SAC Capital Advisors LP founder Steven A. Cohen traded on tips about Dell Inc. obtained by analyst Jon Horvath from a company insider in August 2008, the U.S. Securities and Exchange Commission said.
The SEC filed an administrative action against Cohen yesterday, accusing him of failing to properly supervise employees at his Stamford, Connecticut-based hedge fund, which has been the focus of a federal insider-trading probe.
In the filing, the SEC said that on Aug. 26, 2008, two days before Dell was to report earnings, Horvath warned SAC portfolio manager Michael Steinberg in an e-mail that one of his sources said the computer-maker’s gross margins would be lower than analysts had expected.
“I have a 2nd hand read from someone at the company -- this is 3rd quarter I have gotten this read from them and it has been very good in the last two quarters,” Horvath said in the e-mail, which also included a detailed list of reasons that provide Dell operating expenses and revenue. He then added, “Please keep to yourself as obviously not well known.”
While the SEC didn’t file an insider-trading lawsuit against Cohen, the agency’s administrative action alleges he sold off more than $11 million in Dell stock within minutes of getting a copy of a “highly suspicious” e-mail by Horvath and Steinberg.
The SEC action also shows that the U.S. has amassed more evidence against Cohen, including telephone toll records and e-mails, than was previously known.
In March, Steinberg was indicted by federal prosecutors in New York for insider trading in Dell in these August 2008 trades, making an illicit profit of $1 million based on Horvath’s tip. Steinberg has pleaded not guilty and is scheduled to go to trial in November while Horvath has pleaded guilty to funneling illicit tips to SAC fund managers and is cooperating with Manhattan U.S. Attorney Preet Bharara’s crackdown on insider trading.
While the U.S. previously presented Horvath’s e-mail at a federal criminal insider-trading trial in December, showing that he was consulted on the Dell trade, this is the first time the U.S. has said Cohen got a copy of the Horvath e-mail and traded on its contents.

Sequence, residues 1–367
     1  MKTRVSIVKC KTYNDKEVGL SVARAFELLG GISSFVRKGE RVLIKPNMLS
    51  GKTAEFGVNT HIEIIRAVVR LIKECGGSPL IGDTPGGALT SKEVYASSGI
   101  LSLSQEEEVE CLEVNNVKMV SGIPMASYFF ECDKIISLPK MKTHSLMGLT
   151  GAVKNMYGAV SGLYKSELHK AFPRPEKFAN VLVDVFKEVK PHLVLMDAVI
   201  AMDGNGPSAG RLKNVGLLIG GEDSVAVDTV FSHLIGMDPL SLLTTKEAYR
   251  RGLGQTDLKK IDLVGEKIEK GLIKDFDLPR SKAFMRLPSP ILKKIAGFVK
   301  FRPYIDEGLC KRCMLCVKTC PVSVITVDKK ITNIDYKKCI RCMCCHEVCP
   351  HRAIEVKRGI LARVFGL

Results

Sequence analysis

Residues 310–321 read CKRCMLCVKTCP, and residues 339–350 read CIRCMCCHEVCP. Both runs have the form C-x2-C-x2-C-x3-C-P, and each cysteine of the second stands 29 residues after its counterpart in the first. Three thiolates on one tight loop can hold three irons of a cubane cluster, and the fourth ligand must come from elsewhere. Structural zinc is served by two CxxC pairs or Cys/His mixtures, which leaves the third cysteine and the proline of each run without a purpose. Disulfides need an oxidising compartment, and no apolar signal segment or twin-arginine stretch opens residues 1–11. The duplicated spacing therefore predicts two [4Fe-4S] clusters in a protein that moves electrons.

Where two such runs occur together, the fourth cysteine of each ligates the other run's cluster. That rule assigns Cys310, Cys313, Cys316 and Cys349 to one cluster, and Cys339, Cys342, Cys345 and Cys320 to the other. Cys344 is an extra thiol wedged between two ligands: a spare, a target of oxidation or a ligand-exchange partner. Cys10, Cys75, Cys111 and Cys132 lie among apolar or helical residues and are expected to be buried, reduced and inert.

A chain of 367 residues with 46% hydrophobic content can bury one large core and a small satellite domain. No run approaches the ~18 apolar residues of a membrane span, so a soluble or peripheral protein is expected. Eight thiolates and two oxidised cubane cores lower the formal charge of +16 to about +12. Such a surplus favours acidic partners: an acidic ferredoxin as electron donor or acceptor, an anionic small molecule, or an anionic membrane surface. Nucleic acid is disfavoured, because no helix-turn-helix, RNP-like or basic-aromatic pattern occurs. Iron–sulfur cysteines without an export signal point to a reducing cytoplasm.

The SEC doesn’t say Cohen was aware that Horvath’s information was improperly obtained, only that he was a recipient of the analyst’s “highly suspicious e-mail which reflected the clear possibility that Steinberg and Horvath were unlawfully in possession of material nonpublic information,” the SEC alleged.
According to the SEC, Cohen was working from his vacation home on New York’s Long Island on Aug. 25 and 26th when Horvath and Steinberg realized he was holding a long position in Dell that was contrary to the information Horvath was getting from an insider at the Round Rock, Texas-based computer maker.
Cohen had begun purchasing Dell stock on the morning of Aug. 25, 2008, and eventually held 450,000 shares at a cost of more than $11 million, the SEC alleged.
After Horvath received an e-mail alerting him that Cohen’s position was contrary to Steinberg’s, Horvath notified the fund manager, “Steve is long Dell,” regulators said. Steinberg and the analyst discussed whether to tell Cohen their view on Dell.
By 9:31 a.m. on Aug. 26, Cohen held 500,000 Dell shares, the agency alleged. At 1:29 p.m., an SAC employee forwarded Horvath’s e-mail to Cohen on the phone and 10 minutes later, Cohen began selling off Dell stock, regulators said. By 3:49 p.m., Cohen had dumped his entire Dell position, the SEC alleged.
While there is no evidence that Cohen knew Horvath had illicitly obtained the information, the SEC said, Cohen was “looped into a highly suspicious e-mail” and “failed to take prompt action to determine whether an employee under his supervision was engaged in unlawful conduct.”
Horvath’s e-mail first emerged at the trial of two fund managers who were arrested and charged with being part of a group of portfolio managers, analysts and insiders at technology companies that funneled nonpublic information to each other.
Of the eight people charged by the U.S. in the scheme, six have pleaded guilty to insider trading and are cooperating with the U.S.
Two fund managers who went to trial, Level Global Investors LP co-founder Anthony Chiasson and former Diamondback Capital Management LLC portfolio manager Todd Newman, were convicted by a federal jury in New York of securities fraud and conspiracy. Newman was sentenced to 4 1/2 years in prison while Chiasson was sentenced to 6 1/2 years. Both are free pending appeal.
“The SEC’s administrative proceeding has no merit,” Jonathan Gasthalter, a spokesman for SAC, said in a statement yesterday. “Steve Cohen acted appropriately at all times and will fight this charge vigorously. The SEC ignores SAC’s exceptional supervisory structure, its extensive compliance policies and procedures, and Steve Cohen’s strong support for SAC’s compliance program.”
Barry Berke, a lawyer for Steinberg, and Jerika Richardson, a spokeswoman for Bharara, declined to comment on the SEC’s administrative action.
The criminal case against Steinberg is U.S. v. Steinberg, 12-cr-00121, U.S. District Court, Southern District of New York (Manhattan).